The main conflict in A Midsummer Night’s Dream is that people want to make decisions for others.
A conflict is a struggle between two characters, or between a character and an outside force. In this case, most of the character vs. character conflicts are caused by interference.
If I were to generalize all of the conflict in the play, it seems to sum up this way: people are making decisions for other people, and those people resent it. In some cases there is a cultural justification for the decision, such as Egeus’s desire to choose his daughter’s husband or Oberon’s desire to keep the changeling out. However, in some cases stubbornness is as much to blame.
Theseus is asked to intervene when Egeus realizes that his daughter Hermia is in love with Lysander instead of Demetrius, the man he wants her to marry. Theseus reminds Hermia that she has no will of her own in the matter, and instead should be following her father’s.
Be advis'd, fair maid.
To you your father should be as a god;
One that composed your beauties; yea, and one
To whom you are but as a form in wax,(50)
By him imprinted (Act 1, Scene 1)
Hermia completely disagrees. We see the same problem in that Helena wants to marry Demetrius, but he wants to marry Hermia since her father has requested him. Demetrius did love Helena until Egeus interfered. It is downhill from there. Although in the end everyone ends up happy, they could have avoided pain by letting others make choices instead of forcing them on them.
Conflict is central to the functionality of any successful play text. Of course Shakespeare is a master, and MSND is no exception to this rule.
At the outset of the play, Oberon and Titania demonstrate a very impassioned and volatile relationship. As they scamper from the central action on stage momentarily the audience is then privy to Lysander and Hermia who have become entangled in the woods, whilst Demetrius and Helena have followed.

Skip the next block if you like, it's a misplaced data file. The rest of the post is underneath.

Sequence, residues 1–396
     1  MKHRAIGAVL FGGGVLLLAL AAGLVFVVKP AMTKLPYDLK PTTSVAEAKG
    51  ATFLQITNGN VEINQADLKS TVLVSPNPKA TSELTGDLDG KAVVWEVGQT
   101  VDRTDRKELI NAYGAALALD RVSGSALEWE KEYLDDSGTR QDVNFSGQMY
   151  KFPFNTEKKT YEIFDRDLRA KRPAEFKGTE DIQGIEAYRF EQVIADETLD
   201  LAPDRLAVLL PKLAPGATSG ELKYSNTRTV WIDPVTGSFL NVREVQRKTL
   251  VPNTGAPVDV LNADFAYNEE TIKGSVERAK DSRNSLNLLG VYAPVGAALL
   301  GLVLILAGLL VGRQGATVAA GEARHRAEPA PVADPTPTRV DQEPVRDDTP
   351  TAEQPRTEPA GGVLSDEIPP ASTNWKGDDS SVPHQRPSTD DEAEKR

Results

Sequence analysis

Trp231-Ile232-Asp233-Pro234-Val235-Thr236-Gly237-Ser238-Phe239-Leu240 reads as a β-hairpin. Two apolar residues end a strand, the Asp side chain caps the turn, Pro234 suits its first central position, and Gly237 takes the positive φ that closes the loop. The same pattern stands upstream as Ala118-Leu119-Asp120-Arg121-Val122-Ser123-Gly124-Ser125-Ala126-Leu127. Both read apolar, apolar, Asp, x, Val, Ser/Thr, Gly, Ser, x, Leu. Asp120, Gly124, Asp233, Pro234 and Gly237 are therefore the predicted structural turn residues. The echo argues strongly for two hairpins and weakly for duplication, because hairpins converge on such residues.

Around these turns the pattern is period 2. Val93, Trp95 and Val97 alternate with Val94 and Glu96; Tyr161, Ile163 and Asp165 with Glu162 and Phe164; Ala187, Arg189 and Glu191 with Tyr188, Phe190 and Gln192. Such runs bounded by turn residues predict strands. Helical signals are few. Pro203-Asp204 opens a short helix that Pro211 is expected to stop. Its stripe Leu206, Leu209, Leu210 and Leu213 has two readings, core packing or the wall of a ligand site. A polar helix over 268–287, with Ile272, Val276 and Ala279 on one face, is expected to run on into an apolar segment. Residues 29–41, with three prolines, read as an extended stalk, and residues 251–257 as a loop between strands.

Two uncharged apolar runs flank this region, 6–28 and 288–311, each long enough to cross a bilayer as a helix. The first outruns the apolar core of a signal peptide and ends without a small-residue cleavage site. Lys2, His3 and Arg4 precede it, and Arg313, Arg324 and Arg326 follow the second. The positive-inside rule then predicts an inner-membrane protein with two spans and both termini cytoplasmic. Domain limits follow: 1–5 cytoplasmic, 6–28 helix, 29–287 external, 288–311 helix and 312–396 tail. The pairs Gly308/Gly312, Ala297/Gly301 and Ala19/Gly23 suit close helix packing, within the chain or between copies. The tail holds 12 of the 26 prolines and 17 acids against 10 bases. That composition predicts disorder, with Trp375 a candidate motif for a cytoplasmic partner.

It becomes apparent that when the fairies' quarrel there are diabolical out workings for the entire natural world. Whilst the experiences of the fairies appears entertaining yet frivolous to the audiences, the navigating of a romantic relationship for the human characters is sharply to the contrary, full of intricate complexities that also contribute to the conflict in the text.
These conflicting worlds of faires and humans, and the conflicting interests of their individual desires to achieve their respective ends in the context of relationships form much of the fabric of the play.
However in addition to the macro relational issues presented, it is also useful to consider the internal conflicts experienced by the characters. There is an overt conflict amongst the lovers obviously, yet there are tacit statements regarding conflicts around gender divisions also that may warrant further investigation from the perceptive student.
Theatrical binary opposites that feature in the play are also in acute visual conflict with one another throughout. Fairies grace in conflict with the craftsman’s baseness, the beauty of Titania conflicts with Bottoms ugliness.
There is also inter-textual conflict with the appropriation and amalgamation of English folklore characters interacting with those from Greek mythology.
Hope this helps!
On enotes.com we have many study guides for books which include well-detailed summarys that include the main points and conflict in this play. Check it out! There is even detailed summary for each act!